Apple wanted to ensure users could deliver "the most beautiful, the most pristine, the most interesting content possible," said Steinauer. To that end FCP X is fully colour managed (based on Colour Sync) "so that you can trust that the pixels coming off a profiled device track all the way through your workflow." It also has full floating-point, linear light-based rendering, which means that when you do effects work "we're able to deliver the highest quality possible on the platform."

Resolution independent playback means users can mix formats, from SD to 2K and 4K, "without having to worry about the origin of the media you are working with" – no transcoding necessary. That is incredibly processor intensive, so FCP X is taking advantage of Grand Central Dispatch in Mac OSX to utilise all CPU and GPU cores on the machine, to render work as quickly as possible. It promises to be the end of the render dialogue box, as rendering will be done in the background, using any spare CPU cycles.

Content Auto-Analysis

To get content into the system as quickly as possible and start editing before the transfer is finished, a lot of content preparation will be done in the background. So, it will automatically perform things like media detection (still, audio, etc.) during ingest, as well as image stabilization (including identifying any rolling shutter defects), people detection (one, two or groups of people in a shot), and shot detection (close up, medium shot, wide shot). There will also be automatic non-destructive colour balance on import, so when you start colour correction you have a pre-balanced image.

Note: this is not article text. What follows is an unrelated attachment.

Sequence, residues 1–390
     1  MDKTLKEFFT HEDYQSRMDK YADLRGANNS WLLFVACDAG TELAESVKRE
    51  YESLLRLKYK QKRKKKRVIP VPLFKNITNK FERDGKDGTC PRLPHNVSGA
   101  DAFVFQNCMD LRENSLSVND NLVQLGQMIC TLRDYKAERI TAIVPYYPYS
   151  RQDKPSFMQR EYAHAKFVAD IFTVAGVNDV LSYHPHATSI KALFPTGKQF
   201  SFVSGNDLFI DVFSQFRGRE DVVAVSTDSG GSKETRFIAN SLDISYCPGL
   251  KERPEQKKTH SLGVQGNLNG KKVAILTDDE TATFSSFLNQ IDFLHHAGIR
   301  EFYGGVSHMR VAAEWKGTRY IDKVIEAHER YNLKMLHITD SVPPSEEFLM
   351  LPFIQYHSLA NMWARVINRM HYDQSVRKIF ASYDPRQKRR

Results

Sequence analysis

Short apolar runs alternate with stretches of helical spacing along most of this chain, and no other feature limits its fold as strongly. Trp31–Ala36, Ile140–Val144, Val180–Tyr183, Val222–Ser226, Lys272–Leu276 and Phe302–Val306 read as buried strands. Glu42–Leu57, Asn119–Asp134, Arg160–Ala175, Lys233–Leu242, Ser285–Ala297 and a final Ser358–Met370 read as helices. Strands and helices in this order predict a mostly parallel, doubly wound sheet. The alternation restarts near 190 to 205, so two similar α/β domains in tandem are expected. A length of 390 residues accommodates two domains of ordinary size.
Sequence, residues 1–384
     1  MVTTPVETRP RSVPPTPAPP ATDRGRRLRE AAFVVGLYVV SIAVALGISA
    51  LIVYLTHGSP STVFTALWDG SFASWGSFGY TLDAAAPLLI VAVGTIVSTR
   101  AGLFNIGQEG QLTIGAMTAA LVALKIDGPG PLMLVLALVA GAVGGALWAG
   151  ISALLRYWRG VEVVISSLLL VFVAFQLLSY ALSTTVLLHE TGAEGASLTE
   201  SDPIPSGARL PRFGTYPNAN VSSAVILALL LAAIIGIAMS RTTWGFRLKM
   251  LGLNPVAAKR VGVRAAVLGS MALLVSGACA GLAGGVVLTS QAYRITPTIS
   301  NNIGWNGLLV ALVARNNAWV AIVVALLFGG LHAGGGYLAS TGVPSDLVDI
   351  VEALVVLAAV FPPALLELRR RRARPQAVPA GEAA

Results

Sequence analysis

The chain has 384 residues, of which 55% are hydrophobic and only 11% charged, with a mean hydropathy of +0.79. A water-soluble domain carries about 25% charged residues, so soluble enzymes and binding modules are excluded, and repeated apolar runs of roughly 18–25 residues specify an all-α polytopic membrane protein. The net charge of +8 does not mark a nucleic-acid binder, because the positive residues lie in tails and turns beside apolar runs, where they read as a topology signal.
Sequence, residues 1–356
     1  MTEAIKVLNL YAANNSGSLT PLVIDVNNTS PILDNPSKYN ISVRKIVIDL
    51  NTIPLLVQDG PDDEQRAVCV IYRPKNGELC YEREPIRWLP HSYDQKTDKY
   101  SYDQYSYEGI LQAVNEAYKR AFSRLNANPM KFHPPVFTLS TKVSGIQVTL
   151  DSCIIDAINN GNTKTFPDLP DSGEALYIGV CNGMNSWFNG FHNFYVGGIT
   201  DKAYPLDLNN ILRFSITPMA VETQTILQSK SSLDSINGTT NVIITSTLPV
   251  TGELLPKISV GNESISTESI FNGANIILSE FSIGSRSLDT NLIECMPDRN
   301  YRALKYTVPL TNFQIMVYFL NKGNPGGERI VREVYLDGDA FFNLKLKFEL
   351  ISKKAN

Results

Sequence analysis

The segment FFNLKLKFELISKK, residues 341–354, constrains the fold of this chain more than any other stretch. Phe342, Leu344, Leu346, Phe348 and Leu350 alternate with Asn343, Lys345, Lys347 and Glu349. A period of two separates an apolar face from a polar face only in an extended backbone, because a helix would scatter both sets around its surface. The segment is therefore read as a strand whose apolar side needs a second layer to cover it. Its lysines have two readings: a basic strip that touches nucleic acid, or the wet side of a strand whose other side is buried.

It also does audio analysis, identifying silent channels, channel configuration (stereo, mono, 5.1 surround sound), and looks for issues with the audio, such as excessive noise or hum, and will automatically fix them if you wish.

To make media management simpler, there is Range-Based Keywording. You can apply multiple different criteria to your media and select ranges within a clip and apply a keyword just to that without having to create a subclip.

These can be located in Smart Collections, which can find the same clip via all the different criteria that applies to it. To save typing, users can just drag a range into any appropriate folder.

Smart Collections and keywording is very useful if you have a long sequence where you might only need a few short clips, such as an interview where you might want to specify a few sentences about the same subject spread over the whole recording. It seems to be quick and simple to do, and you instantly have a smart collection you can click on with all the relevant clips gathered together. "The keywords can overlap, so you can have the same section of media with multiple keywords on it, so it's really powerful for being able to organize your footage," explained Randy Ubillos, Chief Architect, Video Applications. You can have list view or filmstrip view, which can make it a lot quicker to identify the sequences you want.

Magnetic Timeline

Clip Connections mean you can now establish relationships between primary and secondary content. First, the primary audio and video are locked together, including sound from an external audio recorder, so there is no way to accidentally knock them out of sync. Users can also lock audio effects, for example, to a shot, which will travel together if you move the primary clip.